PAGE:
Nevertheless, we should examine all four instances of Jung’s use of the term Dragon in these two essays. Especially, the fourth one, which is embedded within a definition of the Supraordinate Self which Jung dives into more deeply in the next work we will be talking about, Bollingen Volume Nine, Part One… The Archetypes and the Collective Unconscious.
Now… guess what Volume Nine Part Two is called…
How about this?
Aion: Researches Into the Phenomenology of… the Self
You will have guessed correctly if you say that this is perhaps one of Jung’s most important and decisive books.
And THAT book has its own references to the Dragon, or Dragons, as one would expect, by now.
After all… how could Jung not be a Dragonologist of the highest order?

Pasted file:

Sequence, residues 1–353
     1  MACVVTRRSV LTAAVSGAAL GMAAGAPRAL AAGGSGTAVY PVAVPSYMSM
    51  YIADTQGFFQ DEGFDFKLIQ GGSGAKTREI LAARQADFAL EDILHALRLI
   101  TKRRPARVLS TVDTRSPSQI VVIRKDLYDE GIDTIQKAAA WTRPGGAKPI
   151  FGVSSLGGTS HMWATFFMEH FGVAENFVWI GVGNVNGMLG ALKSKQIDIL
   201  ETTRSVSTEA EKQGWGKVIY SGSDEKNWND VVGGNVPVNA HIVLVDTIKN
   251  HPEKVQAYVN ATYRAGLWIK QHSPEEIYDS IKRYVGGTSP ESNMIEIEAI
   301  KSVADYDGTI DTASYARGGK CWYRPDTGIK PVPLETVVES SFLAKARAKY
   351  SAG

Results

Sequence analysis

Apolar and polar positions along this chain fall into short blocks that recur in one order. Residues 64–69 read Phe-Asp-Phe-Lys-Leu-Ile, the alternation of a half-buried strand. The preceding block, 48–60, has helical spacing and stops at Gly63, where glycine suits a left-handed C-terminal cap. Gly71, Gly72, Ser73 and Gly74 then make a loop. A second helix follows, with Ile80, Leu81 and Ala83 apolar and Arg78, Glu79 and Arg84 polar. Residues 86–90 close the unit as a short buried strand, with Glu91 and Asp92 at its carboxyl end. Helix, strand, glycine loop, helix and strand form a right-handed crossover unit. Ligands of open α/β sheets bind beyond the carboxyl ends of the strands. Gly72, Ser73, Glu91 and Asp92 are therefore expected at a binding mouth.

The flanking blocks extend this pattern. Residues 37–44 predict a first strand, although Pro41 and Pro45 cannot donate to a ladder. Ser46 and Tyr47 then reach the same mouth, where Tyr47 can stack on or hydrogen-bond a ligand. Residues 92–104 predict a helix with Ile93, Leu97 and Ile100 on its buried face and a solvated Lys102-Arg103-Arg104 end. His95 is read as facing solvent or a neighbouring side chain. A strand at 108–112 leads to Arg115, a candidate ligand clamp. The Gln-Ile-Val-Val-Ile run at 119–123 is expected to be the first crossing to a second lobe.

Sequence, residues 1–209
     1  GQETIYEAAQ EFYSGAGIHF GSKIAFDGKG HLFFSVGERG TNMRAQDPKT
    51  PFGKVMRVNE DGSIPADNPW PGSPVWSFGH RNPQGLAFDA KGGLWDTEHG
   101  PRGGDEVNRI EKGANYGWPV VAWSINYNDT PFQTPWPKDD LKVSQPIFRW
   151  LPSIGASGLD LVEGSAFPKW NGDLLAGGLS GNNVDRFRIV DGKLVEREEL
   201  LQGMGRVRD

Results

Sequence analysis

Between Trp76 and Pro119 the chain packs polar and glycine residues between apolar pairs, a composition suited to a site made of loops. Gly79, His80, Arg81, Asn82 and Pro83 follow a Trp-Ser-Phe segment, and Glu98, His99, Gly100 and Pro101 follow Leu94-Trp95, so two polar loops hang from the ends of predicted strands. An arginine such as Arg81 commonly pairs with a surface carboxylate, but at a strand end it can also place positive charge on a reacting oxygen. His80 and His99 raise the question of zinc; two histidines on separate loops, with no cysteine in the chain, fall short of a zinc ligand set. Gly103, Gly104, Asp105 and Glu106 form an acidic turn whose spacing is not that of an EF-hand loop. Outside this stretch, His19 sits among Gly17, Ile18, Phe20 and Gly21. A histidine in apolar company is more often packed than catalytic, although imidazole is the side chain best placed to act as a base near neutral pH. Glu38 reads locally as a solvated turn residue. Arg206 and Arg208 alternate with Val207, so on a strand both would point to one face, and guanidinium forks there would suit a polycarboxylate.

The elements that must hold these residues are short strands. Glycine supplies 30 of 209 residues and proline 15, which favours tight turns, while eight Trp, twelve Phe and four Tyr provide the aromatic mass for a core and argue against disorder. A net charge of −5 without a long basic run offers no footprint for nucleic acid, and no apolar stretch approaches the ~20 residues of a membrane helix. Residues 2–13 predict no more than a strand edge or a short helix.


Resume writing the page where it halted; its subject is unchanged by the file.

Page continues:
Isn’t it obvious?
After reading the Red and Black Books?
Truth is stranger than fiction.
And Dreams are Truer than…
Well… it is not my fault.
You should have read Science Fiction.
You should have taken Carlos Castaneda seriously.
We KNEW you would never pick up Jung and read him…
Ugly Americans that you are.
To you… Jung was just another Kraut. Like Nietzsche.
And… of course… to your Ugly Eyes…
All Academics, like all Krauts…
Now don’t they?